Ok, so I want to address this issue first. While a password is important for preventing someone from USING your computer, it really doesn’t do much good for protecting the data on the computer. Yes, you can password protect your data (using Windows), but that’s risky also. While it might stop someone from booting into the computer and opening a file, it doesn’t stop them from seeing that the file exists. And if you reset your password, there’s a good chance that you won’t be able to open the file either.
If you just rely on the fact that you have a password on your login, that’s not going to do you any good. Case in point: I have a triple-boot system (Windows XP, Ubuntu 13.04, and Fedora 19) on one computer, and a triple-boot system (Windows Vista, Ubuntu 13.04, and Fedora 19) on another. On either system, I can boot into one of the Linux operating systems and open/view/run any file on the Windows drive. They don’t necessarily have the same passwords or usernames (if there’s a password at all). So, it doesn’t matter.
In fact, if someone asks me to fix their computer, the first thing I do is create an image of it. The second thing I do is boot a LiveCD and copy all of their documents, pictures, music, and whatever else they want to keep to a USB drive. Then I either fix or wipe and reinstall the computer for them. Finally, I put all of their stuff back on the computer for them. Up until I actually start to work on the computer, I don’t even need to know their passwords. ****I should note that after I’ve completed the work and verified that everything is right, I delete the images and backups. I use the images and backups in case something goes horribly wrong. I can restore them, and start over from scratch.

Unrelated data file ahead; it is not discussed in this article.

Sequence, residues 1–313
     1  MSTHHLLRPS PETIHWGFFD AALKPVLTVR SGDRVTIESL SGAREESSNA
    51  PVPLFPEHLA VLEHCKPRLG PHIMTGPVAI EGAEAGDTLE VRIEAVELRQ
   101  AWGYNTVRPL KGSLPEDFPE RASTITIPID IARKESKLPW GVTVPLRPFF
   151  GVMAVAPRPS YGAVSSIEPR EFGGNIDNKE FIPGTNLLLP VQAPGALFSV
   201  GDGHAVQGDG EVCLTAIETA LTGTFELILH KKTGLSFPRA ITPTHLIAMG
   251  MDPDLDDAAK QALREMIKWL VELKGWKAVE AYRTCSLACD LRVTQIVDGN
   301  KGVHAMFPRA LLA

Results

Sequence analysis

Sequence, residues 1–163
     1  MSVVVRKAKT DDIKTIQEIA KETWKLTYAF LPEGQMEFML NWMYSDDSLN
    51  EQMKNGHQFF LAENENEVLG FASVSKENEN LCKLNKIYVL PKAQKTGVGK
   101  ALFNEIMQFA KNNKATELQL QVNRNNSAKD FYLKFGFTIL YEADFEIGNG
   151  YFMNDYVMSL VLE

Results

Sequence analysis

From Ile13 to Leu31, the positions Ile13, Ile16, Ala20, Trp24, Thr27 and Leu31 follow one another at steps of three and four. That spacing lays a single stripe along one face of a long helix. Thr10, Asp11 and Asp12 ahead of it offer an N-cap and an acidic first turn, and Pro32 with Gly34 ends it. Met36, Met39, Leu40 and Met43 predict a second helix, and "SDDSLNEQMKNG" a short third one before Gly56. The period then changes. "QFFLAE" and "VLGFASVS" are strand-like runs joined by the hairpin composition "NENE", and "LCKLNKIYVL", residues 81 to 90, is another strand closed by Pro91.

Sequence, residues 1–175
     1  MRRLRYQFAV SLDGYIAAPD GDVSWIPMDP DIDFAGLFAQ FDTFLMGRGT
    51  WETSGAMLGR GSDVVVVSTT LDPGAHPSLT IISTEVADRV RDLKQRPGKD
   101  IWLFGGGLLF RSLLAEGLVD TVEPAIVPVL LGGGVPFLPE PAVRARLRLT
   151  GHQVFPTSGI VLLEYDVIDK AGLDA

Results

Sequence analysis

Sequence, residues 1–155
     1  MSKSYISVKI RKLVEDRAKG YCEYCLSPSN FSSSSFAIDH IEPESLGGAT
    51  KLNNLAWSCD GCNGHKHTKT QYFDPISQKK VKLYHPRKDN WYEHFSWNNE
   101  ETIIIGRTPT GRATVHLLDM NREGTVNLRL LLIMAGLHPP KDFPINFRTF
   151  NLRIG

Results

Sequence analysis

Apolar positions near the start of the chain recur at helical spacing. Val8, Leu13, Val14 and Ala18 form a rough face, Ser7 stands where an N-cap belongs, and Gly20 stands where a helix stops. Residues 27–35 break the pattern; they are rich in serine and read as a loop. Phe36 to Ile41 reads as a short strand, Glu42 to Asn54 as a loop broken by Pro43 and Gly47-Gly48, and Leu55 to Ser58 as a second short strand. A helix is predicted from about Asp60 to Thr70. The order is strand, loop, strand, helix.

The point to this article is that if you’re worried about your privacy (or are required by law to ensure the privacy of your data), you need some form of encryption software installed on the computer.
By no means, am I denying the necessity or values of using a password to prevent unauthorized access to your computer. It’s imperative for logging into and using the system.